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Australian Intellectual Property Journal
Volume 20, Number 1, March 2009
TOPIC OF INTEREST
ISPs and the authorisation of their customers' copyright exploitations
Licensing the manufacture of records: The current statutory licence and the alternative of collective administration
Part I of this article explores the development of the legal landscape in which records are made, highlighting that copyright statutes evolve in response to technological developments and industry pressure. Part II examines the case for and against the statutory licence. Part III argues that collective administration should be considered as an alternative to the statutory licence given that the possibilities of abuse of monopoly power by collecting societies have been dramatically reduced by developments over the past 15 years.
Custodians of traditional knowledge under the WIPO draft principles and objectives
This article examines the concept of ownership in relation to traditional knowledge holders. It provides a policy context for traditional knowledge and examines the form of protection proposed under WIPO's draft provisions. It establishes a clear definition of what constitutes traditional knowledge subject matter. This is critical to a discussion on ownership because beneficiaries of traditional knowledge protection are in part defined by reference to the subject matter of protection. The article explores the role of community and customary law in assessing the interests of intellectual property holders under WIPO's draft provisions. Finally, it reviews the legal status of traditional knowledge holders under existing regimes and draws conclusions on how best to characterise the interests of traditional knowledge holders.
Too many stitches in time? The Polo Lauren case, non-infringing accessories and the copyright/design overlap defence
This article discusses the recent Federal Court case, Polo/Lauren Co LP v Ziliani Holdings Pty Ltd  FCA 49 and the Full Federal Court appeal decision, Polo/Lauren Co LP v Ziliani Holdings Pty Ltd  FCAFC 195 (18 December 2008). Rares J held at first instance that the famous polo player logos embroidered on genuine imported Ralph Lauren t-shirts were "accessories" within the meaning of the defence to parallel importation in s 44C of the Copyright Act 1968 (Cth). Those findings were upheld on appeal by the Full Court. Rares J also held (obiter) that the "design-copyright overlap" defence under s 77 of the Copyright Act was available because the heavily stitched applications of the labels were "embodied" in the t-shirts and were thus corresponding designs. The Full Court held (obiter) that Rares J had erred on this point and that s 77 only applies to three-dimensional embodiments of an artistic work. This article summarises the courts' findings in relation to s 44C and identifies some issues arising from the court's interpretation of "label". It then concentrates on the obiter findings in relation to the design/copyright overlap provisions. The article closely explores the reasoning of the Full Court, identifies and discusses unresolved questions, and argues that the application of the overlap defence to articles such as embroidered labels is contrary to the policy underpinning the defence.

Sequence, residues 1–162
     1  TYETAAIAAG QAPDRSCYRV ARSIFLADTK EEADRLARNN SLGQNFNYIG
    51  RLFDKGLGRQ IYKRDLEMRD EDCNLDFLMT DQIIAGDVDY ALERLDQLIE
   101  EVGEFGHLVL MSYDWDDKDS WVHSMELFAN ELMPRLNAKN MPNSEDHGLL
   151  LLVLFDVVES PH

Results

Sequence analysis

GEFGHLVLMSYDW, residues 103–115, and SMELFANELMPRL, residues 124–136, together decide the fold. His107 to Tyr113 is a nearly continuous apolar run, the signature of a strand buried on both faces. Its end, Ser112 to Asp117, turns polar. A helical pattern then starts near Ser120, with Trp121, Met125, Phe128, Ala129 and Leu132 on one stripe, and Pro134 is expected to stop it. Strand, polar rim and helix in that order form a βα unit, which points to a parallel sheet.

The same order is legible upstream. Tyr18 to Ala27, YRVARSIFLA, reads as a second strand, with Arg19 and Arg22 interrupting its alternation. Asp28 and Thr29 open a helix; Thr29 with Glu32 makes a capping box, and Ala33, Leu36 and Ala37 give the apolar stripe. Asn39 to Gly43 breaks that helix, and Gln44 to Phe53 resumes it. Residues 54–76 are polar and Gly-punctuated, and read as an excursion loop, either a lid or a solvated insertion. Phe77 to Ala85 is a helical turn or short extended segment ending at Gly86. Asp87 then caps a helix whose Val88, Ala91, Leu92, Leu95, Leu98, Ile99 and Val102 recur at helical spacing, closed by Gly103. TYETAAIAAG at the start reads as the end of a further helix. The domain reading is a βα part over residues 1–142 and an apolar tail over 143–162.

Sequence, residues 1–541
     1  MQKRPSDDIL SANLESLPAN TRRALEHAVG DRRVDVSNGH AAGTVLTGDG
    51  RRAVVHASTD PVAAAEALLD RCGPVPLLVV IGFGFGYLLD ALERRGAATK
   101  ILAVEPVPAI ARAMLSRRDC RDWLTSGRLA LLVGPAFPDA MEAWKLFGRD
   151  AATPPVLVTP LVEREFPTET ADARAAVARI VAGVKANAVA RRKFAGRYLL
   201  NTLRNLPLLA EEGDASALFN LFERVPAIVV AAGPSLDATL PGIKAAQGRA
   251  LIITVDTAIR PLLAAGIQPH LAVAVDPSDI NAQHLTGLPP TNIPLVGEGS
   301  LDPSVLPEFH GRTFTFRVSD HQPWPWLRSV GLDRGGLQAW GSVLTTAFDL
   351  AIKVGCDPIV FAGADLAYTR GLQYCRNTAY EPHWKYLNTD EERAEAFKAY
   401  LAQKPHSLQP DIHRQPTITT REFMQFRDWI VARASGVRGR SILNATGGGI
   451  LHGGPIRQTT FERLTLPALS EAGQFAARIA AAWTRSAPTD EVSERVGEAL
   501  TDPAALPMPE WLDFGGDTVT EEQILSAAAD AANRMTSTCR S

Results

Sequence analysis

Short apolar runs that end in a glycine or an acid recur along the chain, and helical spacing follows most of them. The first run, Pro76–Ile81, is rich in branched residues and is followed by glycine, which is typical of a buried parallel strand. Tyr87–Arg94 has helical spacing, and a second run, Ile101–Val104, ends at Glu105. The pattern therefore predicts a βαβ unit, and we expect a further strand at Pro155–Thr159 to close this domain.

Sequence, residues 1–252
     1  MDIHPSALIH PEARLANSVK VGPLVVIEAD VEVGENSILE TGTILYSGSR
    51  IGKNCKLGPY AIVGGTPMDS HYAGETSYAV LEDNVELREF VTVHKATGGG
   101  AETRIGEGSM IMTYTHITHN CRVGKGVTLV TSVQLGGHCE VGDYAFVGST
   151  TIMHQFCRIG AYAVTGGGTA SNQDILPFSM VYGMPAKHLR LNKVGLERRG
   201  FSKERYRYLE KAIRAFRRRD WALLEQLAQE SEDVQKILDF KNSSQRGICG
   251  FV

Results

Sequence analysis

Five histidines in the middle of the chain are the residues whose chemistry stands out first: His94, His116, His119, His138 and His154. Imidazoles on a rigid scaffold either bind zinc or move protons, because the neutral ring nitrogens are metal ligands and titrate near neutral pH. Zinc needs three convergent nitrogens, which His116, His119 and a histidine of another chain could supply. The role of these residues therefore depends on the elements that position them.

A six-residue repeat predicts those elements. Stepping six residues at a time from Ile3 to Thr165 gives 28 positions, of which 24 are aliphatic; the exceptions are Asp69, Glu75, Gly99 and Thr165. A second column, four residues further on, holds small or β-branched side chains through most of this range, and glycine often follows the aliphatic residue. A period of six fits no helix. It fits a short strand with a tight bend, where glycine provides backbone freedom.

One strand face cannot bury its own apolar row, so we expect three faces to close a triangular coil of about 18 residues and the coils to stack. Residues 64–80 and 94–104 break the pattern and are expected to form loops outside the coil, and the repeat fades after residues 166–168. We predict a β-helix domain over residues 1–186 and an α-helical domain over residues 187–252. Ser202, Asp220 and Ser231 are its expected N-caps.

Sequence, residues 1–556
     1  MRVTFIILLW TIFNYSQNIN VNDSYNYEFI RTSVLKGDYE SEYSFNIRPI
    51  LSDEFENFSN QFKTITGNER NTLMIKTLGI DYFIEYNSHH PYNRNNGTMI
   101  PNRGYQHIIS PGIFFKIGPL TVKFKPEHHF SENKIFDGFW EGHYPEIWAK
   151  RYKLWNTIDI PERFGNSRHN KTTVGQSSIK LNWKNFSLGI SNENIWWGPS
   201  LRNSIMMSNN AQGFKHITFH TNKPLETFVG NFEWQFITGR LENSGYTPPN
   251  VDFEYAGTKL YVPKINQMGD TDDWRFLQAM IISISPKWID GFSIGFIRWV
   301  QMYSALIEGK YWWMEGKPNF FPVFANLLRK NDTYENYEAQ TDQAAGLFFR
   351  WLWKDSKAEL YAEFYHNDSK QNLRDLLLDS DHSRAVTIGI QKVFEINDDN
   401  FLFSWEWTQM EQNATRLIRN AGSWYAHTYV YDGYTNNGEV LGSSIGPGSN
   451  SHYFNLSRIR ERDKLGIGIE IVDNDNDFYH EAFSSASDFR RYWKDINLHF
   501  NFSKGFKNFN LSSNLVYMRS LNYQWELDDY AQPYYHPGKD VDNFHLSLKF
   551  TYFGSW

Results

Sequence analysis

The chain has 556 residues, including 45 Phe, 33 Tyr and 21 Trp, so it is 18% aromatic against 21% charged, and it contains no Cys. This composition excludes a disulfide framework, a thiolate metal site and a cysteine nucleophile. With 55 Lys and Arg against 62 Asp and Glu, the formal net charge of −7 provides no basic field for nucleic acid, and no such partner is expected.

Contributory infringement under s 117 of the Patents Act 1990 (Cth): What suppliers need to know
"Use" means different things in the Patents Act 1990 (Cth), depending on whether the alleged use is in the context of secret use, or contributory infringement. Secret use requires the patentee to reap some commercial benefit amounting to a de facto extension of the patent term. The meaning of a use that would infringe in s 117(1) has been amplified by referring to the various uses of the product described in s 117(2): only use; intended use; and instructed use. Arguably, "reason to believe" in s 117(2)(b) implies actual knowledge, and s 117(2)(c) requires that an instructed use must knowingly induce infringement. This interpretation gives effect to IPAC's recommendation that the supply of a staple commercial product must be accompanied by an inducement to infringe in order to attract liability, it acknowledges the distinction IPAC drew between knowing goods will infringe and knowing they may possibly infringe, and it is consistent with the level of knowledge required for accessorial liability at common law. This has significant consequences for suppliers of goods who plead innocent infringement, because lack of knowledge of an infringing use is arguably a complete defence to contributory infringement.